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    4. Ahh the libertarian blind spot: race. Face it, this kind of philosophy can only be appreciated in numbers by people of NW Europe descent. Dream on if you think even 0.1% of south-siders will ever go for it.

      I'm all for libertarianism, but it could only work in a particular, homogenous ethno-state.

      Race first, political economy second.

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    5. Don't give me your particular blindness, thank you very much. In fact why don't you let the scales fall from your own eyes. Given where black people have come from and the choices they are allowed to have by factions within city government, the only liberty they know is taking liberties from others because thats what has been done to them.

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  8. Perhaps great cities will come to an end. They will not die out, they could simply shrink as the productive are looted, and they will become less important like Rome. Scranton, PA seems to be closer to this now. They are bankrupt, and the city is reducing pay for all workers to minimum wage.

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  9. @anonymous at 8:37
    "who's going to pay for the jails...?"
    The same people who are paying now, only in a free-market transaction with competing service providers who offer low prices and innovative justice solutions to people with property worth protecting.

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    1. So, if somebody violates my property rights, I get to decide how they are punished? Better hope nobody bids to do torture cheaply.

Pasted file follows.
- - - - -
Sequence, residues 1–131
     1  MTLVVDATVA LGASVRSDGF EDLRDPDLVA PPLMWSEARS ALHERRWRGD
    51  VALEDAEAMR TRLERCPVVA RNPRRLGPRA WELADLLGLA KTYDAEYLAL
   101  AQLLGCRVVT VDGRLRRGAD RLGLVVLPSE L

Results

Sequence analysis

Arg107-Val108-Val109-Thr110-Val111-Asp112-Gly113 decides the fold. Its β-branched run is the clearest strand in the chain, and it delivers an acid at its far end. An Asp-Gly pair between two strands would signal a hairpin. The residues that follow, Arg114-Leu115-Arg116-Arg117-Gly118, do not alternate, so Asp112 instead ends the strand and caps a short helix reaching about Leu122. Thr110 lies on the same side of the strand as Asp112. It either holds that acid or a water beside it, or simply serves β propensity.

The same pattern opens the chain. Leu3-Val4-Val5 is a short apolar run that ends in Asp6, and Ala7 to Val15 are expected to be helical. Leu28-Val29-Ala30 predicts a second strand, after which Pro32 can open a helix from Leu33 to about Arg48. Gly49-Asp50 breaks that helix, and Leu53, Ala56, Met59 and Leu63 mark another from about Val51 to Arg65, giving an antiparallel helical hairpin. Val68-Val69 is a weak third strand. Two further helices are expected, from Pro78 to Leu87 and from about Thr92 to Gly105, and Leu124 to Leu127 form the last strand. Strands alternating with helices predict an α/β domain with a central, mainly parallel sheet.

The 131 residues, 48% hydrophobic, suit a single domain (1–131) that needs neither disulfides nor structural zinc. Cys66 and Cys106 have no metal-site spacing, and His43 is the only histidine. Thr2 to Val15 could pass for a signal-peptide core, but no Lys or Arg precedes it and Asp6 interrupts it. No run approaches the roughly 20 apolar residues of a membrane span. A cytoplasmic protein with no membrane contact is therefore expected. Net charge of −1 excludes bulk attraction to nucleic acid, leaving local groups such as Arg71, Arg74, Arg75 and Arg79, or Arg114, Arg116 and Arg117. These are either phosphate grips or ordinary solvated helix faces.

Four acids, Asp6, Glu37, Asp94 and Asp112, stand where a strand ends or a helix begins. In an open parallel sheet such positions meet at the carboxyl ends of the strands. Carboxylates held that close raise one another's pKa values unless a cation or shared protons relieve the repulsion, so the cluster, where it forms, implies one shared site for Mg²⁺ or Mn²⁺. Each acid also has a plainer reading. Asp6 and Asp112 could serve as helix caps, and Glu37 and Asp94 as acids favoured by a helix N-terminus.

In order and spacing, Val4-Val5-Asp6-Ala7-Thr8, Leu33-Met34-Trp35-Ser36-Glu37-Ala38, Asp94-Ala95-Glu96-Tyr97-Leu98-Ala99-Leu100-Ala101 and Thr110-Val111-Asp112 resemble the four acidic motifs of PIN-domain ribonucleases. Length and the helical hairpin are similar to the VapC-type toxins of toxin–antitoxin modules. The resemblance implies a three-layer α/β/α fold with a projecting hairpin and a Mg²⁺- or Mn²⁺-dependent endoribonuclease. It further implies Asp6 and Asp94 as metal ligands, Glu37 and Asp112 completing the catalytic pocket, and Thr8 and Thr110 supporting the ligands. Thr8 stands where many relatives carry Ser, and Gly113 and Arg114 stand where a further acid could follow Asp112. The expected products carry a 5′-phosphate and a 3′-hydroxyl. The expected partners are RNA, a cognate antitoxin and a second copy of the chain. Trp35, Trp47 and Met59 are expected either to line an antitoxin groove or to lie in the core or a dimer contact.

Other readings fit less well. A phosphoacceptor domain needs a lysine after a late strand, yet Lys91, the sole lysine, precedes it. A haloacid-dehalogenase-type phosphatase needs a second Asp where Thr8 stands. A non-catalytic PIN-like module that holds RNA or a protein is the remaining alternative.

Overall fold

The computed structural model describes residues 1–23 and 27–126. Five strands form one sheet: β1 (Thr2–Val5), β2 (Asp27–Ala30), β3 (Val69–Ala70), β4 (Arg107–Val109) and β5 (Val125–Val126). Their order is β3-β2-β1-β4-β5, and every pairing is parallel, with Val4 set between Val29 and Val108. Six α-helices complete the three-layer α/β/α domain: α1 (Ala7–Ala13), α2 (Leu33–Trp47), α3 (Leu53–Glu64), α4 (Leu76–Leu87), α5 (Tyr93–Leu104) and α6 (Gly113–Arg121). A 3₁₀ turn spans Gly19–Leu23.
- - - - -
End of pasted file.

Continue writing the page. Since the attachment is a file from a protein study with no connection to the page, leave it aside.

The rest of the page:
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    2. @ Anonymous

      "So if somebody violates my property rights, I get to decide how they are punished? Better hope nobody bids to do torture cheaply."

      First of, if you are gonna come on here and play devil's advocate, the least you could do is create a username, so we could follow your arguments. Next, you could educate yourself by reading some of the rich body of literature that is being developed in this area by anarcho-capitalist thinkers. Then you wouldn't ask questions that seem quite ignorant to many readers on here.

      As to your torture questions, your contract with your protection agency would delineate your restitution options, and I doubt a protection agency that provided a torture service would do well. There may be a subset of people that would pay a premium price to be able to torture bruglars, but they would quickly run into trouble. For example, it is almost guaranteed that there would be public service charities that would provide protection services for the needy, including criminals. Disagreements between agencies would end up in arbitration or the courts, and the courts would reflect the morals of the majority of the population and thus be opposed to torture. Therefore, the torturing protection agency would keep losing cases in the courts, quickly draining its resources.

      That's all I can squeeze into a blog comments. If you want more, JFGI.

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    3. You are committing reductio ad absurdum. What kind of justice would be allowed is still answerable to the non-aggression principle. There is some point where violence cannot be considered self-defense or 'justice' any longer and turns into it's own aggression.

      For instance, if someone who steals an apple from a fruit stand is caught, made to compensate for the apple and pay extra on top for the energy, time and inconvenience of the owner, then torturing him would obviously be aggression.

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    4. Anonymous @11:03 here. I am quite familiar with the body of literature that informs this site. And I am unfamiliar with any serious theory of anarchist justice in which the victim or his insurance agency will choose what method of corporeal punishment to inflict on the criminal, in this case imprisonment. And I was serious in my suggestion that such a notion could lead to torture if those assumptions are used.